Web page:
While some companies prefer to invest in workforce development programs for existing talent, others, such as Shape Corp., a Grand Haven, Mich.-based manufacturer of FRP, plastic and metal components for the automotive market, also approach the issue through K-12 engagement.
In the spring of 2017, Shape began working with the SME Education Foundation’s Partnership Response in Manufacturing Education (PRIME®) initiative, which helps manufacturers conduct analyses to identify their skills gaps and then develop a talent pool that can help them address their needs. Julie Davidson, director of talent acquisition at Shape Corp., says the company was drawn to PRIME because it incorporates a deep understanding of the needs of the industry and of educational systems. “It is not a cookie-cutter curriculum, but rather custom built to meet the needs of the business and ultimately the community,” she says.
SME PRIME developed a pre-apprenticeship program at Grand Haven High School, where students can learn different aspects of manufacturing over a three-year period. Throughout the program, students learn about quality, precision measurement, instrumentation and inspection directly from Shape Corp. employees. Year one, which started in 2017, focused specifically on quality. Year two will focus on industrial robotics, and year three will focus on Shape’s unique Radius-Pultrusion™ process for curved composite automotive parts.
Josh Cramer, the interim executive director at the SME Education Foundation, says that at the end of the program in spring 2019, the students will spend two days with Shape, where they will have the opportunity to receive industry-recognized certification in seven areas of precision, instrumentation and quality. Students will go through the entire process of making a component; Shape’s destructive testing technology will then be used to analyze and evaluate the students’ work.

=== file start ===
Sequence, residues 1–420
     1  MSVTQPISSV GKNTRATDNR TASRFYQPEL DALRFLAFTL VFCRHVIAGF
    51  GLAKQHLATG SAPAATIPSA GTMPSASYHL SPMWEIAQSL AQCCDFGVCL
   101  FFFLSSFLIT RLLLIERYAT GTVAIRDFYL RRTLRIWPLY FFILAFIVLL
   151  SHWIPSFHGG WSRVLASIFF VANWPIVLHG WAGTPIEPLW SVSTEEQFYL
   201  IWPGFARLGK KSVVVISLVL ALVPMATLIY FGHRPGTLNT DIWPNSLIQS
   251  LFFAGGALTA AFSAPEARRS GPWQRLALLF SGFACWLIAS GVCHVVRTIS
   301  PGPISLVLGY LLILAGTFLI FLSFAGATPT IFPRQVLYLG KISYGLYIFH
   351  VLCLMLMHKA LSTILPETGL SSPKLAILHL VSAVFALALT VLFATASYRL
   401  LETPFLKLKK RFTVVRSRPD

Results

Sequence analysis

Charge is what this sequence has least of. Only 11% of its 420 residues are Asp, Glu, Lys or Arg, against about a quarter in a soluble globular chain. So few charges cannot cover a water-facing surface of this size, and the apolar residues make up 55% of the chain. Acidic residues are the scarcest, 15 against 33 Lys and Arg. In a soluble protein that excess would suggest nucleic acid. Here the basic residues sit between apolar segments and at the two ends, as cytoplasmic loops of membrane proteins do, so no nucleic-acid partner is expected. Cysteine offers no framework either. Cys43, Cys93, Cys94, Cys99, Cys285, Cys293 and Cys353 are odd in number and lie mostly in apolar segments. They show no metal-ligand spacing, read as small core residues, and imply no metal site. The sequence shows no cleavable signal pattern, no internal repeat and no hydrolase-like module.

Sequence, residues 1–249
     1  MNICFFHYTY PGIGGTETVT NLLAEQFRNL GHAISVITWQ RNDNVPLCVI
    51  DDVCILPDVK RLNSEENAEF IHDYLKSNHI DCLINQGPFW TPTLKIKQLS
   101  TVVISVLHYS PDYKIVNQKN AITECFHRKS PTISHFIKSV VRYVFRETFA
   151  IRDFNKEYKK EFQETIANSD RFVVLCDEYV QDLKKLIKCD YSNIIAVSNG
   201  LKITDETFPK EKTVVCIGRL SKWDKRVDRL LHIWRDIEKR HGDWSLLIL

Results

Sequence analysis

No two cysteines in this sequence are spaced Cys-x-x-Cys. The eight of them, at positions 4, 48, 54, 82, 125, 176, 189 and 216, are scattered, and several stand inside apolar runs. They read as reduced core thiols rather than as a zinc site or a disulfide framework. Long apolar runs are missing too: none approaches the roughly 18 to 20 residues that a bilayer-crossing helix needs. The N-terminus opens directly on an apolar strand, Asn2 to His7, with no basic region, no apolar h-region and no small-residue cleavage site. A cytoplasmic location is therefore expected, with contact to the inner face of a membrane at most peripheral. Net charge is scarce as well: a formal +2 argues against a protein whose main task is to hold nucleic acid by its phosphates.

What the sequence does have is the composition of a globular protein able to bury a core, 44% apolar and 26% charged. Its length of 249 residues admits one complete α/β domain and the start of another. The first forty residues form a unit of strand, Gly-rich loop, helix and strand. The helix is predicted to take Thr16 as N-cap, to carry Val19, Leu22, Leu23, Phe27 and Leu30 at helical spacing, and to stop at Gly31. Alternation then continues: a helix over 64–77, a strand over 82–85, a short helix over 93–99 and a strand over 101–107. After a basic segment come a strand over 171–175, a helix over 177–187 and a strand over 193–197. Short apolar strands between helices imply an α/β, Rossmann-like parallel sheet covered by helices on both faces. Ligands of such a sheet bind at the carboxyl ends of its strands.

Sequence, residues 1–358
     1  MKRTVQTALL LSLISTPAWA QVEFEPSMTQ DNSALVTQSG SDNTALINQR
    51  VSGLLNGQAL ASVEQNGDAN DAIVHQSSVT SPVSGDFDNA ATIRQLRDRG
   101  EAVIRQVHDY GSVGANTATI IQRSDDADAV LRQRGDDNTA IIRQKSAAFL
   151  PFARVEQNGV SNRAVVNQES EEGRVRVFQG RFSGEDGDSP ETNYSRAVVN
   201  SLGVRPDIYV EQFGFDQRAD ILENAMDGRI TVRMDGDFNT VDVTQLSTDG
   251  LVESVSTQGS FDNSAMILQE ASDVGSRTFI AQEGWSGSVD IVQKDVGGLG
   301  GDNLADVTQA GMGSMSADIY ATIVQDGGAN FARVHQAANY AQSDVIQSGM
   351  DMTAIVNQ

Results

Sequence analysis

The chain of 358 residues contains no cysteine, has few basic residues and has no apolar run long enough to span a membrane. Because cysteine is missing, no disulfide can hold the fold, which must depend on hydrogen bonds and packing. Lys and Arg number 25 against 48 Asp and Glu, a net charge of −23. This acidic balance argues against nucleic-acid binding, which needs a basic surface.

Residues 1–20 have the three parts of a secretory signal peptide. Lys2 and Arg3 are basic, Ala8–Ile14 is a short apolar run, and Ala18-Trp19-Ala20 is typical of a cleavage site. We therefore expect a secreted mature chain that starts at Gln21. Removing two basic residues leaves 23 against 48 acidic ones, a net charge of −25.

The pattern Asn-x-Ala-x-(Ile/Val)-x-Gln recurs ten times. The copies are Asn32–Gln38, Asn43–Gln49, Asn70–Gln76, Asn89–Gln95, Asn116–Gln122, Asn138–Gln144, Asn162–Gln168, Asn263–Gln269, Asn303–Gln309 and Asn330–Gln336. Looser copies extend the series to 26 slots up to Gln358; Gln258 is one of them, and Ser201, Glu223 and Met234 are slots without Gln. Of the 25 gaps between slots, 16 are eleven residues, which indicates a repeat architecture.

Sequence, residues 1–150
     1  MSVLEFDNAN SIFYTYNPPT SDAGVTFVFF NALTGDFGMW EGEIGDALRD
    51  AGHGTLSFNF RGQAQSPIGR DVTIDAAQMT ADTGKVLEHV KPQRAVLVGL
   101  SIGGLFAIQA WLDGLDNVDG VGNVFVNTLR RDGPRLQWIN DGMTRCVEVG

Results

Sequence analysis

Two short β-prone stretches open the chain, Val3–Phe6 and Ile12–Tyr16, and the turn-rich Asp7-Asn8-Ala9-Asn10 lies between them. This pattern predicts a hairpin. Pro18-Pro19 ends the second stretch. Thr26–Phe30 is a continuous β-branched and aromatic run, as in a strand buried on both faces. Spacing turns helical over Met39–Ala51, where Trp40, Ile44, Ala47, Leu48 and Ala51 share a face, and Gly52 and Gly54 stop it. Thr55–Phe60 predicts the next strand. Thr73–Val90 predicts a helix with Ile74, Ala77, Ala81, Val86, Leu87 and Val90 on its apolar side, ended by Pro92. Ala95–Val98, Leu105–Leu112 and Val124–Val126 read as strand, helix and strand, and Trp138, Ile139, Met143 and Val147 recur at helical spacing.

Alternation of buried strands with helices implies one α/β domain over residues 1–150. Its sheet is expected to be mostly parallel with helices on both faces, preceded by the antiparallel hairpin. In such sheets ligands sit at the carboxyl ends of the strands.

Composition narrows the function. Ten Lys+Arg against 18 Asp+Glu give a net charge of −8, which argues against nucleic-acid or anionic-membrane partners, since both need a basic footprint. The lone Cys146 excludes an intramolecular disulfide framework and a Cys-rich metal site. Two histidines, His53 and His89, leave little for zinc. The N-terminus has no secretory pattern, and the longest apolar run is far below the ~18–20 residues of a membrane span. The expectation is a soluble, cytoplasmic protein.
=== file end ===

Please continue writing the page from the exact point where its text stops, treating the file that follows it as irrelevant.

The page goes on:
According to SME’s Education Foundation website, 84 percent of last year’s graduating seniors in PRIME programs intended to pursue careers in manufacturing, and 60 percent of those students intended to pursue post-secondary education in a field directly related to manufacturing. A big reason for that, says Cramer, is that the curricula go beyond just principles of manufacturing; they also help students understand how the company they’re learning from got to where they are today. At Grand Haven, Cramer wants to make sure the students can make the connection between Shape’s history and the impact it has on the quality of the parts they make.
At the university level, IACMI pairs university students with composites manufacturers through its internship program. As Harmon Heath explains, before their internships, the students are trained in basic FRP manufacturing processes. That way, by the time they begin their internship, they already have background knowledge and training on each company’s specific equipment. “It’s really a win-win for everyone,” Harmon Heath says. “The industry partner is getting an intern … that has already received some training and background knowledge, so they’re hitting the ground running. And for the interns, it benefits them because they feel like they can add value.”
That was the case for Alix Ambrose, a mechanical engineering major at the University of Tennessee, Knoxville, who interned with RMX Technologies for 10 weeks in 2017. During the internship, he provided engineering support for the modification and operation of research while developing equipment focused on commercializing a new plasma technology for carbon fiber. He also assisted in the execution and analysis of data gathered from a test matrix to finalize several engineering details that are critical to the design of the new technology.
“Alix brought a unique and valuable perspective to our organization,” said Jonathan Ford, a project manager and design engineer for RMX Technologies in an IACMI press release. “With a little training, he quickly became an integral part of our team working alongside our researchers and scientists to develop and test new technologies.”
Harmon Heath says the internship program has become increasingly diverse. She points to the fact that 38 percent of the 2018 IACMI internship class is female, which is more than double the national average of women in engineering in 2015 (15 percent). She says that by increasing the diversity of internships and candidates to fill these internship positions, IACMI is better able to support a well-rounded workforce and reach students who are likely to enter an immediate workforce market.